Angela Evancie's Public Media Profile

Jun 24, 2015

Credit Angela Evancie #selfie

People involved in public media share how they navigate the news. This month we heard from Angela Evancie, Digital Editor for News at Vermont Public Radio.

Three daily must-reads:
Like a lot of people who have been profiled here, I really just go where the Internet takes me. Most often, my ramblings start on Twitter. Other than that, our newsroom passes around good national reporting with local relevance, and on various networks, I check out what's been recommended by people I trust.

I'm much more disciplined about my NON-digital reading. I have a subscription to The New Yorker (the only periodical I read in print), and there's something about a little stack of a few of those issues looking at you, kind of impatiently and judgmentally, every night, to really motivate you to just sit still and read a bunch of pages. Pages that don't have a ton of auto-refreshing tabs on the top. Also, because I'm working on my master's of English part-time, I also sometimes literally have required reading, a.k.a. homework. #lifelonglearning

Three podcasts you recently subscribed to:

  • The Heart (formerly Audio Smut)
  • Sam Greenspan's ysltf, (stands for You Should Listen To Friday, and is a weekly selection of something great from some other podcast -- love this for discovering new stuff) 
  • Rumble Strip Vermont, a produced right here in the Green Mountain State by Erica Heilman.

Three people you follow (online) regularly:

  • Gene Demby, of NPR's Code Switch. He's always having an interesting conversation with someone.
  • Kate Sheppard, the energy/environment editor at The Huffington Post. I met Kate through a journalism fellowship several years ago and I so admire her reporting and her sense of humor. 
  • Isaac Fitzgerald, the editor of Buzzfeed Books. I interviewed Isaac when I did a story about literary memes for New Boom, NPR's series on millennials, and I think what he and Buzzfeed Books are doing to translate the love of books onto a medium that loves gifs and lists and pretty pictures is really fascinating.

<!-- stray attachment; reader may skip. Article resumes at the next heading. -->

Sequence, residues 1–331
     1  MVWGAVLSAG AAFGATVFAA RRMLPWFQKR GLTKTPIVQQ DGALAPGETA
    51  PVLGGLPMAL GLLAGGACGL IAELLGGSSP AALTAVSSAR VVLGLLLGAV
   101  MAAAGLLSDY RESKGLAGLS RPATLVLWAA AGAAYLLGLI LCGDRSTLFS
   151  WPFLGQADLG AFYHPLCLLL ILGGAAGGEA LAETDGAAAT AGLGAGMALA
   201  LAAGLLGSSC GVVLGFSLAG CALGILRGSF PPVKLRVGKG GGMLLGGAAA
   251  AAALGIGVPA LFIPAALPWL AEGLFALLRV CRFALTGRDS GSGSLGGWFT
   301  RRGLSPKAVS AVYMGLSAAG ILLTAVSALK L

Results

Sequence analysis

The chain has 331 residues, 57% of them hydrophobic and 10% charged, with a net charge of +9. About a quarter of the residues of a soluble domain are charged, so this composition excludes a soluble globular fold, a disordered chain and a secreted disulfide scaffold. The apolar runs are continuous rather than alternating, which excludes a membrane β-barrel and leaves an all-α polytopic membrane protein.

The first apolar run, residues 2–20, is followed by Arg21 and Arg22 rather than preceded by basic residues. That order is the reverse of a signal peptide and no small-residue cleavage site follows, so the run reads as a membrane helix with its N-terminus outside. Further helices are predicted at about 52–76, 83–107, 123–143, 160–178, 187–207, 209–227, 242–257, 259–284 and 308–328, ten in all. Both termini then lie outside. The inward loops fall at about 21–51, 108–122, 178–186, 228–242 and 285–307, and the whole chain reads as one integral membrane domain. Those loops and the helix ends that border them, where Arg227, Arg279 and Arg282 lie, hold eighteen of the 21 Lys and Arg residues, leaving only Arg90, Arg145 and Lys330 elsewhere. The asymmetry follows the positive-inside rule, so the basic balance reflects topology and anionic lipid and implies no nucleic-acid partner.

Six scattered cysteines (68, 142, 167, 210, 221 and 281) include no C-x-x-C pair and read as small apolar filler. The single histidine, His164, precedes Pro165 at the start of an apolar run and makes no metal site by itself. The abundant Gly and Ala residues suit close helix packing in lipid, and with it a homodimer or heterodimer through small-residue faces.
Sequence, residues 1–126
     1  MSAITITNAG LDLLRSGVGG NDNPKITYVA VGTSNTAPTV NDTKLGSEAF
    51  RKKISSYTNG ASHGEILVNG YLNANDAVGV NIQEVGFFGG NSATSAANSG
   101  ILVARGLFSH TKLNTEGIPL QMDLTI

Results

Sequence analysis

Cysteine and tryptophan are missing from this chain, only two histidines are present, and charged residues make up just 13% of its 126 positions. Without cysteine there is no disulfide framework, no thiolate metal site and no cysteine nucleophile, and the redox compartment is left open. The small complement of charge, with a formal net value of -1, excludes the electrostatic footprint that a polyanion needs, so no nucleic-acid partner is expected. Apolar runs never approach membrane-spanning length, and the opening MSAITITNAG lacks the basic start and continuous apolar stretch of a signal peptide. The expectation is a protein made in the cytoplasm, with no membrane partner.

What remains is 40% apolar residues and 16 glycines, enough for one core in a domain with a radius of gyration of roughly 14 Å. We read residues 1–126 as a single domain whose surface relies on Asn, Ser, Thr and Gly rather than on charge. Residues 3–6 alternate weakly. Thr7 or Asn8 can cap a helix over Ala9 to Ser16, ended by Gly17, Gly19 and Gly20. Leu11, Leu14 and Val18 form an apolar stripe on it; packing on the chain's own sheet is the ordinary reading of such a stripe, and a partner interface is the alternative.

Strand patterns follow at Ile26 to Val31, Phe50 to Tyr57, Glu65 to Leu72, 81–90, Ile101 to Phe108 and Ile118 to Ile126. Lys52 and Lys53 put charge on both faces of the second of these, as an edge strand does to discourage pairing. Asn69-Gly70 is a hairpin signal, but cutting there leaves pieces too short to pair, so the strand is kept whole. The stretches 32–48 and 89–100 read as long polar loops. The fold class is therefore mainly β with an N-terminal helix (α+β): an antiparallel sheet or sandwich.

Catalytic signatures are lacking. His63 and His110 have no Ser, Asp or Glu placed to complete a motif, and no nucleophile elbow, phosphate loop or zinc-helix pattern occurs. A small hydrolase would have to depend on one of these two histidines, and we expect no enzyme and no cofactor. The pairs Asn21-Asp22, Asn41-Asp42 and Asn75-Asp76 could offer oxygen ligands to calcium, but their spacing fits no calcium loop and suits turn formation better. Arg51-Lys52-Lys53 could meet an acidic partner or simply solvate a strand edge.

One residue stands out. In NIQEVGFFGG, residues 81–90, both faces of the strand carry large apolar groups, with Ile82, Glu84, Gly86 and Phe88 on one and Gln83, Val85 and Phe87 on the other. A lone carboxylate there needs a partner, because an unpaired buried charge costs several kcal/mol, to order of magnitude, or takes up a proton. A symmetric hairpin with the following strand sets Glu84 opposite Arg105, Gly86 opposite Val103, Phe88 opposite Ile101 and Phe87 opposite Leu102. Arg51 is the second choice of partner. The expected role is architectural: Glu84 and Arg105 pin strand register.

Three accounts you’d pay to follow on Twitter:

  • The ever-innovative Melody Kramer, whose insights on journalism and community I devour, and whose straight honesty I really appreciate, especially on this platform.
  • Rachel Syme, who writes for The New Yorker and others and is always good for some searing social commentary or a droll dispatch from the streets of New York.
  • Ari Shapiro, because he seems to be having a perpetually lovely time.

Three guilty pleasures online:

  • Architecture/design porn (esp. from Dwell & Remodelista)
  • This idyllic and well-documented community of Vermont farm animals (totally serious here) called Sweet Pea & Friends.
  • And, you know, dumb videos.

Go-to local news source:
Vermont Public Radio, of course! I also follow Seven Days, VTDigger, local newspapers such as the Addison Independent, the college papers at Middlebury (my alma mater) and the University of Vermont, the Vermont subreddit and, for super-local news, my Front Porch Forum, which is just a daily email of whatever anyone in my town has posted about (fundraisers, break-ins, trail conditions, lamb meat for sale). Oh! And I run VPR's participation in NPR's Local Stories Project, where stations around the country pitch their best local reporting -- it's not always news from my region, but I love looking at what other stations submit to get ideas for how we could better frame/produce our own stuff.

Favorite news consumption time saver:
Pocket. This is actually more of a time-extender...During the day I click through to an unsustainable number of posts about the future of news, the present of podcasting, stories that friends have published, longform local enterprise reporting, anything by Rebecca Solnit, interviews that people I'm interested in have given. I save them all to Pocket, and later, no matter where I am or what device I'm on I have this amazing arsenal of already-curated reading.

Words of wisdom for your fellow shows/stations:
If you're excited about it, it's probably worth doing. If your audience is excited about it, it's definitely worth doing.

Can we be friends?
This is actually my question for all of you. I love, love connecting with people doing cool stuff at other stations and sharing ideas and code (that is, our developer shares the code; I don't pretend to understand it) and getting/giving feedback on big projects. So be in touch!